Could This Meat Save Your Life?

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Pieces of roasted pork on salad

According to the American Heart Association, more than 40 percent of blacks have high blood pressure (HBP).Though doctors aren’t 100% sure why this is, they believe it may be linked to African Americans also having higher rates of obesity and diabetes.

Researchers have also found that there may be a gene that makes African-Americans much more salt sensitive. This trait increases the risk of developing HBP.

How can you lower your blood pressure?

According to the Mayo Clinic, it is absolutely possible to improve your blood pressure. Some of the most important steps you can take include:

  • Getting your blood pressure checked at least once every six to 12 months
  • Losing weight if you need to
  • Lowering your sodium intake to 1,500 mg a day or less
  • Exercising
  • Following the DASH diet

What is the DASH diet? The Dietary Approaches to Stop Hypertension diet (more commonly known as the DASH diet) emphasizes reducing your sodium and red meat intake, while eating more:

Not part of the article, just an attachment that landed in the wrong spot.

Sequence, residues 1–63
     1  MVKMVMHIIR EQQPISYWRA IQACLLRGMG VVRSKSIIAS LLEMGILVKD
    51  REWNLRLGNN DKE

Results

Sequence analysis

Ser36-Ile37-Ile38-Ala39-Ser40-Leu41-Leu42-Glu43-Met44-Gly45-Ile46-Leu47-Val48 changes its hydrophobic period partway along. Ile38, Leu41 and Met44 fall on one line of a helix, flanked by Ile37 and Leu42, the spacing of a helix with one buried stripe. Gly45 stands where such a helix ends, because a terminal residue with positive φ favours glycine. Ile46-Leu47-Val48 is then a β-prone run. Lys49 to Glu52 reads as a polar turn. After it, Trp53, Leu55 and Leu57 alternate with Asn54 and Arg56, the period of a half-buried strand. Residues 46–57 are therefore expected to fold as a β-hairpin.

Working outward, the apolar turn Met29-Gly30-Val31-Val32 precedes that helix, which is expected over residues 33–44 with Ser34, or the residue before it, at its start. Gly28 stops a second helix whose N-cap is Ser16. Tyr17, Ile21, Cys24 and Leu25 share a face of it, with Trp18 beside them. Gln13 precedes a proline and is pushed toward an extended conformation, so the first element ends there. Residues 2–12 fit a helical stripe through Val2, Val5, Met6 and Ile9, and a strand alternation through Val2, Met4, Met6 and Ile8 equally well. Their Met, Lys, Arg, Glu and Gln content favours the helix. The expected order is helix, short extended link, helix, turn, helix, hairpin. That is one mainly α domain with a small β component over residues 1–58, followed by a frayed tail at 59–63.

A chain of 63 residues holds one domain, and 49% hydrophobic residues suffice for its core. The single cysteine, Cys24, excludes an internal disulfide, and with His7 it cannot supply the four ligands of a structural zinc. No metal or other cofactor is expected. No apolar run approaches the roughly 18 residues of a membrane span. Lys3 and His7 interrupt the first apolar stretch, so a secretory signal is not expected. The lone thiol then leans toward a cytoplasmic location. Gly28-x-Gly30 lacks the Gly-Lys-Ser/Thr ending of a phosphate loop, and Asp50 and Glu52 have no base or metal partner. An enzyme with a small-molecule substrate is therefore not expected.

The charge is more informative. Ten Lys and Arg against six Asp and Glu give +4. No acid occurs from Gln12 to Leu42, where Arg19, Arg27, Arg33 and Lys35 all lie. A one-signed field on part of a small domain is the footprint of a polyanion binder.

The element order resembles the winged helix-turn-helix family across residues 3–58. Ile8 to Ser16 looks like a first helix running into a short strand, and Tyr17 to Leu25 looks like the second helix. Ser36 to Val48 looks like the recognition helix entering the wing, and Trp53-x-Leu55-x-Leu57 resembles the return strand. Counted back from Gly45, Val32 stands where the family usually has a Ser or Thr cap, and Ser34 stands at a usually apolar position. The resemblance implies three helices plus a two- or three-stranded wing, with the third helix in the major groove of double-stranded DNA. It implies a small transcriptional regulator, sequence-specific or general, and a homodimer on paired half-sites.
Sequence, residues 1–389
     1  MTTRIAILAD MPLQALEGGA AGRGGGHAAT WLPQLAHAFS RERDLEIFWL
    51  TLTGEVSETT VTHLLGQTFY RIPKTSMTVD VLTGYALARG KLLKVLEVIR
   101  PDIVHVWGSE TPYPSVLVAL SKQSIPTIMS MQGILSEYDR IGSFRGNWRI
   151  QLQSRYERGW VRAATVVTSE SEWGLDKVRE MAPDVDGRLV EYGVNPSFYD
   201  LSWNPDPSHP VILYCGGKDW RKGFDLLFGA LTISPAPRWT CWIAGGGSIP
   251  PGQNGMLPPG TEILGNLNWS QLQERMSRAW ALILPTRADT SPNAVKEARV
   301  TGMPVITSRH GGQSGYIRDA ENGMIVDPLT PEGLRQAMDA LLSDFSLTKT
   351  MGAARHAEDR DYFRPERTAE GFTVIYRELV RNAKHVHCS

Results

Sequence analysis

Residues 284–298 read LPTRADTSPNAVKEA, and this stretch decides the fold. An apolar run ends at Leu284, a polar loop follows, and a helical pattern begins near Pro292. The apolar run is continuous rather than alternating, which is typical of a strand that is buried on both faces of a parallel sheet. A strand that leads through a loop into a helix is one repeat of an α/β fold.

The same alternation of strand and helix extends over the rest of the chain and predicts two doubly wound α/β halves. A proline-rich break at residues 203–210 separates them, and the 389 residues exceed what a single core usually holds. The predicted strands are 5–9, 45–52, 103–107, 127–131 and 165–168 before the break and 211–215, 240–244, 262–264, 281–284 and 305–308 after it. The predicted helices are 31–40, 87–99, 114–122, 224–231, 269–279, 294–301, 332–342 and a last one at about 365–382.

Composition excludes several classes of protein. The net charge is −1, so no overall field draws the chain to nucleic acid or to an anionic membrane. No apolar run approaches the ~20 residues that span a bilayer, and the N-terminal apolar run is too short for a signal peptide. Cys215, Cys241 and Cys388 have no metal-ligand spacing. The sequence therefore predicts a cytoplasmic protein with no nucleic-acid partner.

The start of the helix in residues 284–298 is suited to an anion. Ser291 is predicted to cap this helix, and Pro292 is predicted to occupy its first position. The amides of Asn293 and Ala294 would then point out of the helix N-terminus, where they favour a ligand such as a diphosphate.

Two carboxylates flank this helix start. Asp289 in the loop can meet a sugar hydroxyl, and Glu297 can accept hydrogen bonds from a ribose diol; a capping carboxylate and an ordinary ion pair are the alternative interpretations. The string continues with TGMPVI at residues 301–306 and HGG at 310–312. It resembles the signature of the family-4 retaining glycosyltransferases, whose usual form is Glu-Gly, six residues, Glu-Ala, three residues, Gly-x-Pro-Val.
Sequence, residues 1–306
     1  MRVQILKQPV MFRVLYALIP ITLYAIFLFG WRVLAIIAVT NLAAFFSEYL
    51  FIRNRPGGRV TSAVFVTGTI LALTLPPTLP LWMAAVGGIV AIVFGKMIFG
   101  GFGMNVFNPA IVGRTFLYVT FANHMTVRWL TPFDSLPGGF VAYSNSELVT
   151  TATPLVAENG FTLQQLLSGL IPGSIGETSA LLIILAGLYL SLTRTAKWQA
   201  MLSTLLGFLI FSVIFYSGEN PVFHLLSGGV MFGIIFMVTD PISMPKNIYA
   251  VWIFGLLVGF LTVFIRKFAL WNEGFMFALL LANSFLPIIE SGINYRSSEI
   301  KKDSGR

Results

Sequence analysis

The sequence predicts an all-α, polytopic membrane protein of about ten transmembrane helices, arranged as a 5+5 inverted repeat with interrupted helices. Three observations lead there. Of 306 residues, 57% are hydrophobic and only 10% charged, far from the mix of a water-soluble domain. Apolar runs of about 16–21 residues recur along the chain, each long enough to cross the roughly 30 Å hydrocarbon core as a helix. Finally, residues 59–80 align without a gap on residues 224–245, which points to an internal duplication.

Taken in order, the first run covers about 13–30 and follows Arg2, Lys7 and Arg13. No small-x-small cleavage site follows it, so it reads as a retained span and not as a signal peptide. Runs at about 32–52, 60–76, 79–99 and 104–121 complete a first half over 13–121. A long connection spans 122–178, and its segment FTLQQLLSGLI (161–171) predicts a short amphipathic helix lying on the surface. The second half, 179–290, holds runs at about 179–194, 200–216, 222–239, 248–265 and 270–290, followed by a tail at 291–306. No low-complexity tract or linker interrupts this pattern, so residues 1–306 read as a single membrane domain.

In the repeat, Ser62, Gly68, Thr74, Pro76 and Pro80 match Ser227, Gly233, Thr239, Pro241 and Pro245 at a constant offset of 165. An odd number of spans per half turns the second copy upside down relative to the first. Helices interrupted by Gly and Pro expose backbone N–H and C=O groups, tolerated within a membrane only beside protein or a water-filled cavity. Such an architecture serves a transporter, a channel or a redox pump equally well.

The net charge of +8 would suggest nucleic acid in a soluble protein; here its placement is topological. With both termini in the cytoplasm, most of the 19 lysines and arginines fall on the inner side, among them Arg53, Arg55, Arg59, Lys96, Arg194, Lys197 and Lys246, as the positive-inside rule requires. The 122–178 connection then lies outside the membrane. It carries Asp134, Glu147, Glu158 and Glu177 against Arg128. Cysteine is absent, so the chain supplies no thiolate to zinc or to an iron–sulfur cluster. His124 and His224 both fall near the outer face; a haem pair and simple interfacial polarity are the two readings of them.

• Fruits
  • Vegetables
  • Whole grains
  • Low-fat dairy
  • Fish
  • Chicken
  • Pork

Hold up…pork?

Yes! Purdue University researchers found that when adults ate lean pork, instead of chicken and fish as their main protein source, they had the same healthy blood pressure benefits.

Plus, pork also contains thiamin, phosphorus, zinc, selenium, niacin, vitamin B6, and vitamin B12. Oh yes…and it’s low in sodium, which is pretty much the whole point of following the DASH diet in the first place.

“The DASH diet has been recognized by government and health organizations as an eating pattern that can promote health and help decrease the risk to chronic diseases,” said study lead author Dr. Wayne W. Campbell, Nutrition Science Professor at Purdue University. “While the traditional DASH diet includes chicken and fish, our research suggests that lean pork may also be a part of this healthy eating pattern.”

So, the pork at the grocery store is better than it used to be?

According to Adria Sheil-Brown, a registered  and licensed dietitian, as well as a nutrition communications manager for the National Pork Board, today’s pork is a prime example of how farmers do more with less while raising healthier food, providing better care for their animals and protecting the environment.

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